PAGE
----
Malpractice Reform Won't Save a Huge Amount

Last Updated Sep 29, 2009 11:47 AM EDT

In an op-ed piece today in the Wall Street Journal, attorney/author Philip K. Howard argues that the Democrats are only posturing on the need for malpractice liability reform (aka tort reform). Their real concern, he says, is to protect trial lawyers who are reliable supporters of Democratic politicians.

Howard is right about the pilot project advanced by the White House, which would have little impact on malpractice reform. He also points out that a legislative proposal by Rep. Bart Gordon (R-TN), a Blue Dog Democrat, to fund pilots in several states was watered down by his colleagues, ostensibly to avoid offending the trial bar. Overall, he says, "what has unfolded so far [in Congress] is a series of vague pronouncements and token proposals."

So far, I am with Howard. Congress has done little about tort reform, and Democrats' link to the trial attorneys is undoubtedly one of the reasons. But while we do need a better and fairer liability system that would protect both physicians and patients, the amount by which tort reform would lower health costs is open to dispute.

Howard cites estimates by the AMA and other parties that "eliminating defensive medicine could save upwards of $200 billion in health-care costs annually." To begin with, no reform legislation, no matter how effective, could eliminate defensive medicine entirely, since most physicians will always (and rightly) try to make sure that they don't do anything or neglect anything that would invite a malpractice suit. But even if we assume that tort reform could save $200 billion, that would be only 8 percent of current health spending. And, according to some observers, the real number is much lower than that.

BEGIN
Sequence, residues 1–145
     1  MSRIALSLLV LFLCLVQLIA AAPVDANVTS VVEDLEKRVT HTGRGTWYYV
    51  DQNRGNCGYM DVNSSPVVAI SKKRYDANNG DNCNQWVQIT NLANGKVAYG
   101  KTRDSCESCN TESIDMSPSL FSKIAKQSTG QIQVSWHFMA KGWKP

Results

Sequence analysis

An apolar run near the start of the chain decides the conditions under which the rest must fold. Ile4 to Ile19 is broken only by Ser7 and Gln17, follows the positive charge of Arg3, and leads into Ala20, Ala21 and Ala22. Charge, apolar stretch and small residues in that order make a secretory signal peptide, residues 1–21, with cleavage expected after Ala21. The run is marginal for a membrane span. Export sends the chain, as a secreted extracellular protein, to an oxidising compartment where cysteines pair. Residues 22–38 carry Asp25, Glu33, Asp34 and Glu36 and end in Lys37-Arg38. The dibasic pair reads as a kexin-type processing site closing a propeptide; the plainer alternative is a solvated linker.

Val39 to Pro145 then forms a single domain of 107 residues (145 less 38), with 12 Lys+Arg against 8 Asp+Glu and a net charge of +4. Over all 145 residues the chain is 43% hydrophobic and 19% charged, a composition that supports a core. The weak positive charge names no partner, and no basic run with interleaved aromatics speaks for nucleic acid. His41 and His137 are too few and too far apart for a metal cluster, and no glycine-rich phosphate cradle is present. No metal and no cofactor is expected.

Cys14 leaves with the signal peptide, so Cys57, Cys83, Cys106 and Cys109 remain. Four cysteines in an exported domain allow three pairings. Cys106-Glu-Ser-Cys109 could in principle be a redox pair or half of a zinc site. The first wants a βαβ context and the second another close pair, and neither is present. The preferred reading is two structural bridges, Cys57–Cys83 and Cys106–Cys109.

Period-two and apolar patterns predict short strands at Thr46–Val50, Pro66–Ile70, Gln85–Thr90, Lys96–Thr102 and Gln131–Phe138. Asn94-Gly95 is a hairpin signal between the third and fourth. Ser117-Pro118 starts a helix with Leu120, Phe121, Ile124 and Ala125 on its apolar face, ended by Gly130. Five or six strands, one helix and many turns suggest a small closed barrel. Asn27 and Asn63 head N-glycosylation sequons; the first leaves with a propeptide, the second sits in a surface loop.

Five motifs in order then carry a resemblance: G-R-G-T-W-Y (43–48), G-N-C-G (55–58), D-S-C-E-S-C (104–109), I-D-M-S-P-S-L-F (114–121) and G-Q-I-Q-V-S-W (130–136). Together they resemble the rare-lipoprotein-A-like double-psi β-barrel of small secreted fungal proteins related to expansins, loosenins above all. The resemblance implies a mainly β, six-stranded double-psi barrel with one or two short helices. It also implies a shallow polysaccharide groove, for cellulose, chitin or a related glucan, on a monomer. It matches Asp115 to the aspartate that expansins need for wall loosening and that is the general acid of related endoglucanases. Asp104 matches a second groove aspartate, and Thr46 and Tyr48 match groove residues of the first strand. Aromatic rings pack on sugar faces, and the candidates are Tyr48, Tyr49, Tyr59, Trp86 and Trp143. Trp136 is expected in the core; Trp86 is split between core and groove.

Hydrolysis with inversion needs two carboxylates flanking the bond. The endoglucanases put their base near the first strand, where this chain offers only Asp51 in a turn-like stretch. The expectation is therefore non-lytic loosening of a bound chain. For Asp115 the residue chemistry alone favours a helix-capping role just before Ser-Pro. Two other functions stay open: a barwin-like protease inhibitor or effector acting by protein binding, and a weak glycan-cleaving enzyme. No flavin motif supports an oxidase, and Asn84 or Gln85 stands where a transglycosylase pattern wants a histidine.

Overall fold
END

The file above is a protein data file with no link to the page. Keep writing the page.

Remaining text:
In a recent Health Affairs article, Henry J. Aaron and Paul B. Ginsburg, two of the country's top health policy experts, write:

Evidence that malpractice litigation and its threat have much impact on the level of health spending is weak and confined to a few specialties. Evidence that it perceptibly raises the growth of health spending is almost nonexistent. The chief shortcoming of the malpractice dispute resolution system is not that some settlements are excessive, but that transaction costs are enormous. Litigation expenses and administrative overhead absorb roughly 60 percent of [liability insurance] premiums.

The total cost of liability insurance, litigation, and defensive medicine have been variously estimated to be under 2 percent of health spending (Congressional Budget Office) and 5 to 9 percent of costs (Department of Health and Human Services). An international study concluded that little of the difference between U.S. health costs and those in other advanced countries can be attributed to malpractice litigation.

So, while there's a strong case to be made for changing our system of malpractice liability-including the fact that fewer than 10 percent of injured patients are ever compensated-tort reform would not significantly restrain health spending. Many physicians think otherwise because they're acutely aware of the need to protect themselves. But while their decisions drive around 80 percent of health spending, only a small portion of that is related to defensive medicine.

  • Ken Terry

    Ken Terry, a former senior editor at Medical Economics Magazine, is the author of the book Rx For Health Care Reform.